When you face the bathroom mirror with your pills in hand, chances are you are preparing to take some vitamins and mineral supplements that you believe will improve your heart health. Fish oil, vitamin D, red yeast rice extract, niacin, vitamin E and others might be on your daily supplement menu.
But perhaps it’s time to reconsider.
“I believe people overestimate the benefits and underestimate the potential dangers of supplements. And that can really become a problem,” says Dr. Theodore Feldman, a cardiologist and the medical director of both the South Miami Heart Center and Baptist Health’s Center for Prevention and Wellness.
More than half of U.S. adults take dietary supplements, including multivitamins, minerals and herbs, according to the U.S. Centers for Disease Control and Prevention. And they spend more than $25 billion a year on them.
When it comes to supplements taken for heart health, about 25 percent of them are fish oil, 20 percent are CoQ10 and 15 to 17 percent are multivitamins.
“But there is barely a shred of hard evidence that taking these or any other supplements leads to reductions in cardiovascular disease or death in the general population,” Feldman says.
Neither the American Heart Association, the American College of Cardiology nor any government agency recommends that the general population take any specific nutritive supplement to prevent heart disease. Not vitamin A, vitamin D, vitamin E or niacin. Not a one.
“There’s no magic pill we can give to everybody,” says Dr. Roberto Miki, assistant professor of clinical medicine and cardiology for the Miller School of Medicine at the University of Miami.
In fact, the U.S. Food and Drug Administration estimates there are about 50,000 adverse reactions to dietary supplements each year.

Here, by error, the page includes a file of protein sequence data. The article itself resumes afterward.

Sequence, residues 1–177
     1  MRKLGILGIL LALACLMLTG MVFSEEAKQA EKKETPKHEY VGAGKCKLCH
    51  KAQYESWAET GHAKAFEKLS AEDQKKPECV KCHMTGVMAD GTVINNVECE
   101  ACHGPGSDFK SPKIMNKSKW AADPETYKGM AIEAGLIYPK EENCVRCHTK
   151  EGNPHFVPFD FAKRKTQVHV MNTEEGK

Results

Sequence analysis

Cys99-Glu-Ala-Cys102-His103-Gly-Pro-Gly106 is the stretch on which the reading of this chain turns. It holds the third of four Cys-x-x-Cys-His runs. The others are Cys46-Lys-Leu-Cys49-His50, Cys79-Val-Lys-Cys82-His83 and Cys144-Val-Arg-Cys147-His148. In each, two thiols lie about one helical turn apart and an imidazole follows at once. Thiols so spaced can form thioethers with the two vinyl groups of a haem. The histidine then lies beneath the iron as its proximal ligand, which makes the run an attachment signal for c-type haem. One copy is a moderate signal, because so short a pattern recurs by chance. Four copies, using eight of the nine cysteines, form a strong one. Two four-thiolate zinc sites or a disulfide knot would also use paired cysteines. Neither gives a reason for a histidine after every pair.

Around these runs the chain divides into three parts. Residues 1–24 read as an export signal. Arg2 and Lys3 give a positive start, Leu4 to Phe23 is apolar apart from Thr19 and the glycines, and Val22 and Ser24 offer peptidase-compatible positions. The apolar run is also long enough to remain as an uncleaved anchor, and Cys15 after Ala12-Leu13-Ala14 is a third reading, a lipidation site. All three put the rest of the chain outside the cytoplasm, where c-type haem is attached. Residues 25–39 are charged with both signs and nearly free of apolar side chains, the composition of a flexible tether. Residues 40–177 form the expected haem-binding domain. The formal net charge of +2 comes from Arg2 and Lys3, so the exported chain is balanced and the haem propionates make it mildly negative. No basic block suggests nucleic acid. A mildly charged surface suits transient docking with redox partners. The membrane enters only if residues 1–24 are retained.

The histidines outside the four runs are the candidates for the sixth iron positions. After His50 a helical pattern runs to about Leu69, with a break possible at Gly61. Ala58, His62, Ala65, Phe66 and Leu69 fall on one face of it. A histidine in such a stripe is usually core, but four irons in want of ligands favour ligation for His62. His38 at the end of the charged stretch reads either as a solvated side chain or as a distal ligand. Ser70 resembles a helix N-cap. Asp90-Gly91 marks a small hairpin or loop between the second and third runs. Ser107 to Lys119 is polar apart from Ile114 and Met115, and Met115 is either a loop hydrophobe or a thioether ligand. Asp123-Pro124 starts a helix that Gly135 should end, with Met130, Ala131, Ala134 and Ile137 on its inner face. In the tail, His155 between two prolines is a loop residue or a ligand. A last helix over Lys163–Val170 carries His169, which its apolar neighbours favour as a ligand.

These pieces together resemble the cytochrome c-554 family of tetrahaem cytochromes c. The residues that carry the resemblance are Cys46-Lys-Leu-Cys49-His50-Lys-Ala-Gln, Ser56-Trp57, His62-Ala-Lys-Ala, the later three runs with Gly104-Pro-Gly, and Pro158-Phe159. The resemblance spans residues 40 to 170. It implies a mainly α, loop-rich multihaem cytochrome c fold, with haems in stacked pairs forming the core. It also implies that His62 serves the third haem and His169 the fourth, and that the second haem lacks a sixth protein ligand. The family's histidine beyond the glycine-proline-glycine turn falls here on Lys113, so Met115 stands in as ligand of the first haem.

This is not to say that you should never take supplements for heart health. It all depends on your individual needs and whether you have shown signs of cardiovascular disease.
For example, the body requires folate, vitamin B6 and vitamin B12 to convert homocysteine found in the blood into amino acid, the building block for new proteins. Without enough of the B-complex vitamins, your blood levels of homocysteine will increase and some studies, according to the Harvard School of Public Health, have linked high levels of homocysteine in the blood with a modest increase in the risk of heart disease and stroke.
So for a patient with high homocysteine levels, a doctor might recommend a B-complex vitamin supplement.
Studies also have found that people who have already suffered heart disease such as a heart attack or stroke can benefit from taking fish oil to prevent sudden death from arrhythmia — an irregular heartbeat — as well as to lower their triglycerides.
“But there is absolutely no recommendation for people in the general population to take it,” says Feldman.
And there is evidence that taking a soy supplement can lower cholesterol in some people — but it can also function much like estrogen, so it has the potential to promote breast cancer.